A beautiful and distinguished family.
A private island.
A brilliant, damaged girl; a passionate, political boy.
A group of four friends—the Liars—whose friendship turns destructive.
A revolution. An accident. A secret.
Lies upon lies.
We Were Liars is a modern, sophisticated suspense novel from National Book Award finalist and Printz Award honoree E. Lockhart.
And if anyone asks you how it ends, just LIE.
The thing about reading a whole book that purports, in its very blurb, to be a massive lie is that when you finish the book you feel unsatisfied because nearly everything you just read was a massive lie.
I don’t have much to say about We Were Liars partly because the book summary instructs me not to reveal the super amazing surprising awesome plot twist (though I will reveal: the twist is not that super nor that amazing nor that surprising nor that awesome) and partly because two thirds of the book feels irrelevant after reading said twist. Apologies for vagueness, but basically you spend most of the book thinking one thing is true only to realize it isn’t true, which left me feeling quite hollow. In essence, pages upon pages of character growth and interaction are false and therefore rather useless.
For a story that seemingly aims to be gritty—with its wtf ending, its family dysfunction, its depressed and traumatized narrator—it didn’t read realistically enough. Nothing about We Were Liarsfeels like something real people with real, beating, breakable hearts would experience. The book follows the Sinclairs, a blueblood family with a private island near Martha’s Vineyard where most of the story takes place. But the Sinclairs rang false for me. They didn’t behave like real East coast elite do, instead they were coarse renderings of how we imagine such people behave.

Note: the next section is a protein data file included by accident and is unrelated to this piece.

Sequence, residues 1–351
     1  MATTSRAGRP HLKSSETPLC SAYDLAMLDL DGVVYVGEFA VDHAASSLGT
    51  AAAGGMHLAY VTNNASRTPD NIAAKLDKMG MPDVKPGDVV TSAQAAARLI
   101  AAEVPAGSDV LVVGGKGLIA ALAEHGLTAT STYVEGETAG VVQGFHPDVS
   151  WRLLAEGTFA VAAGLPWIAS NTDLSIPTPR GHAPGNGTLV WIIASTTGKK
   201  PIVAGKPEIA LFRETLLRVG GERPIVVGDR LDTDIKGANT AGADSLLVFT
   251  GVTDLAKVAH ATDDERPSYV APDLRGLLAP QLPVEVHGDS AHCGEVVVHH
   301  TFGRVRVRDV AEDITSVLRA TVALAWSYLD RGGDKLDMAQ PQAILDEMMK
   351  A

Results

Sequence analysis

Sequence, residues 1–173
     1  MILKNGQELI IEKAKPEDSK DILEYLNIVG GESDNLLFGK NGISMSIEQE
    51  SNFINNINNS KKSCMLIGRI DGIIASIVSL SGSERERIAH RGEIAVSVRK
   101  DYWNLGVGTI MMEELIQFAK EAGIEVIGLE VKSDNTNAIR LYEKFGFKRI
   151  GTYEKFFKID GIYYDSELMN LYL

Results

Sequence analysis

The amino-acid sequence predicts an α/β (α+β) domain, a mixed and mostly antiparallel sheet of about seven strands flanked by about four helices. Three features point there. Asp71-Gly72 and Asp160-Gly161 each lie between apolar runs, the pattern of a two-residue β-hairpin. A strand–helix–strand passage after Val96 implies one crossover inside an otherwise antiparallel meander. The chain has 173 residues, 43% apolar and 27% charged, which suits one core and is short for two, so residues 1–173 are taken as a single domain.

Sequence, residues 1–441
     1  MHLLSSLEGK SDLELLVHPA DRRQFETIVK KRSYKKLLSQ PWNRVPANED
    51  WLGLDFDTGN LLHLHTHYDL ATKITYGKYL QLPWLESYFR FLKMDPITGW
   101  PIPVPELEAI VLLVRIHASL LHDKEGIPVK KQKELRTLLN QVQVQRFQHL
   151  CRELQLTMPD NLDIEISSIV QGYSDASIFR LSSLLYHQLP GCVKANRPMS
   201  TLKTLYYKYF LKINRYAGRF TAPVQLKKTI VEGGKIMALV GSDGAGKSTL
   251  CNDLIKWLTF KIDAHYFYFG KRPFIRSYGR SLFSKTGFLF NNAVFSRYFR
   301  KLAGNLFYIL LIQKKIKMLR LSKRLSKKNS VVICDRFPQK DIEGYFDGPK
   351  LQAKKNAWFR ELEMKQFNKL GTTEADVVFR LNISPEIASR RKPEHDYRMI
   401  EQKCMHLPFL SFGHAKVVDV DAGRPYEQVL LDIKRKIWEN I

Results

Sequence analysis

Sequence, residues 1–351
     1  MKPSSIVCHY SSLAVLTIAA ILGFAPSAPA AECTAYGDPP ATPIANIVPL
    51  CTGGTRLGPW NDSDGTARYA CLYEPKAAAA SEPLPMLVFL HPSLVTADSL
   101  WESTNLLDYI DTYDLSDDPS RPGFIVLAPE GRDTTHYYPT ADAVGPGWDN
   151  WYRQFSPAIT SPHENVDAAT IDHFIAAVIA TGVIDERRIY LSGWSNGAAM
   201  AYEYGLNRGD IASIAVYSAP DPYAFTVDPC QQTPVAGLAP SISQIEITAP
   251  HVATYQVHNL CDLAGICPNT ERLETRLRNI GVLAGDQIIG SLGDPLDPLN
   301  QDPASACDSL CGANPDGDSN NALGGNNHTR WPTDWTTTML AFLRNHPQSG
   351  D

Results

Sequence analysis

It could be Lockhart’s inventive prose style that destroys any sense of reality. She writes in short, choppy, almost verse-like sentences with nonsensical descriptions. One character, for instance, is “ambition and strong coffee,” which…I don’t know what that means? I don’t even know what it’s trying and failing to mean. Lockhart also employs faux fairytales to depict the downfall of the Sinclair family, which are interesting but overly obvious. They could have been wonderful metaphorical asides open to interpretation, but instead they were twee retellings of the 10 previous chapters’ intrigue where the narrator’s mother, aunts, and grandfather are played by a king and princesses.
Yes, I enjoyed We Were Liars. Its blurb-writer is a mad genius because I would read anything that warns, “if anyone asks you how it ends, just LIE.” But I found it heavy on lies and low on truths—real meaningful life truths, you know, the stuff that really matters.